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Usha R. Rodrigues, Law and the Blockchain, 104 Iowa L. Rev. 679 (2019).

Usha Rodrigues’s article on the firm as a nexus of “smart” contracts made me think of Mary Shelley’s Frankenstein. Maybe it is her use of “contracts made flesh,” the images of digital organisms mimicking their “corporeal” prototypes (creepy, if confusing), or the all-encompassing, oozing smartness of code. Victor Frankenstein was smart. He endowed his creature with formidable capacity to learn: within days, it had processed Goethe, Plutarch, and Milton. Then Victor freaked out and lost control.

Shelley’s story reads by turns as Don’t-Mess-with-Creation and Don’t-Abandon-Your-Children. I saw abandonment everywhere in Law and the Blockchain.

The article’s contribution is in carefully synthesizing contract, business organizations, and securities law as they apply to smart contracts—self-executing, self-enforcing promises encoded in digital protocols—designed to insulate private bargains from public intervention. A protocol built entirely on the blockchain1 would make performance automatic if pre-specified conditions are met. Borrowing an influential early image, if the vending machine gets enough change, I get a candy bar. If it rains in Spain on Tuesday, you get $20. If an investment project is certified and half the stakeholders vote to proceed as prescribed in the code, the investment goes forward. Precise thresholds and verification mechanics are central to the technology, but unimportant to the argument; let us assume that it all works as written.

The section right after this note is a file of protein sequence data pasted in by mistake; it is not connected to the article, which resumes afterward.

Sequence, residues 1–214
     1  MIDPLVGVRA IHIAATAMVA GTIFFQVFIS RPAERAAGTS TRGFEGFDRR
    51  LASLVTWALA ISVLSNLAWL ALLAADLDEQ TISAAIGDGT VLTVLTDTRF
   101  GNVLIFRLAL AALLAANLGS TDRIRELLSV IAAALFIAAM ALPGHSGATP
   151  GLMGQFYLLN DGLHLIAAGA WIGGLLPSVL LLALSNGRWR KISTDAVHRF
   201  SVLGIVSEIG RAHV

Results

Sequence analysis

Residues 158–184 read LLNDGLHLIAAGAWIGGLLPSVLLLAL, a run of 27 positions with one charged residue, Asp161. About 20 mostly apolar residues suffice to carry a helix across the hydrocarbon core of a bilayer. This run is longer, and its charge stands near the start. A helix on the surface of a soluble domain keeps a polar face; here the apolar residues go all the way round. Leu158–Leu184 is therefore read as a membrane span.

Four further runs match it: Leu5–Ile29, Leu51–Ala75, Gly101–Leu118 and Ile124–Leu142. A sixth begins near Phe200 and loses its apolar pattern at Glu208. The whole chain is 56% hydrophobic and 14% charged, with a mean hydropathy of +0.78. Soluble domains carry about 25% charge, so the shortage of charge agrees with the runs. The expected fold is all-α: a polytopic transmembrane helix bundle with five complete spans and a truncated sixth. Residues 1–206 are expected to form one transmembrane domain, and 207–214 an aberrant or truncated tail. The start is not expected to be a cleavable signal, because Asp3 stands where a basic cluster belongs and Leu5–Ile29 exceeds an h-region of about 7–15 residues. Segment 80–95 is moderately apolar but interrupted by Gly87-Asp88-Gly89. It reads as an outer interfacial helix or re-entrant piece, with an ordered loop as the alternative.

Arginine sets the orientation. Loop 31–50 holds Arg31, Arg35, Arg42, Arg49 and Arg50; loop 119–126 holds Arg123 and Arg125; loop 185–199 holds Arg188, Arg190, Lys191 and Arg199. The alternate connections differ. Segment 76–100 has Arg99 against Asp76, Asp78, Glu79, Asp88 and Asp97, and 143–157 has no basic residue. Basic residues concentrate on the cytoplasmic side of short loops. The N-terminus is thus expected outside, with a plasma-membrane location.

Smart contracts can reduce ambiguity and opportunistic behavior in some cases, but like all contracts, they remain incomplete. Neither the parties nor the code writers can foresee all possible contingencies that might arise over the life of the contract, as smart contract aficionados recognize and as anyone who has ever kicked a vending machine can attest. Adjudication and default rules in statutory and common law would normally fill gaps in incomplete contracts. In Rodrigues’s terms, gap-filling requires legal intervention. Unless the need for intervention is encoded ex ante, a smart contract is impermeable. If an unforeseen contingency happens, the contract implodes, and takes trust in the underlying protocol down with it. One such implosion happened in 2016 and appears to have motivated much of Law and the Blockchain.

The 2016 incident involved a blockchain-based firm, or “decentralized autonomous organization” (DAO). The DAO embodies a strand of thinking in economic and corporate law scholarship that depicts the firm as “a nexus for a set of contracting relations among individual factors of production,” or a voluntary bargain hub. More exciting still, it shows how private ordering—contract plus code—could fill a big gap in the contractarian nexus that has, until now, required recourse to public ordering.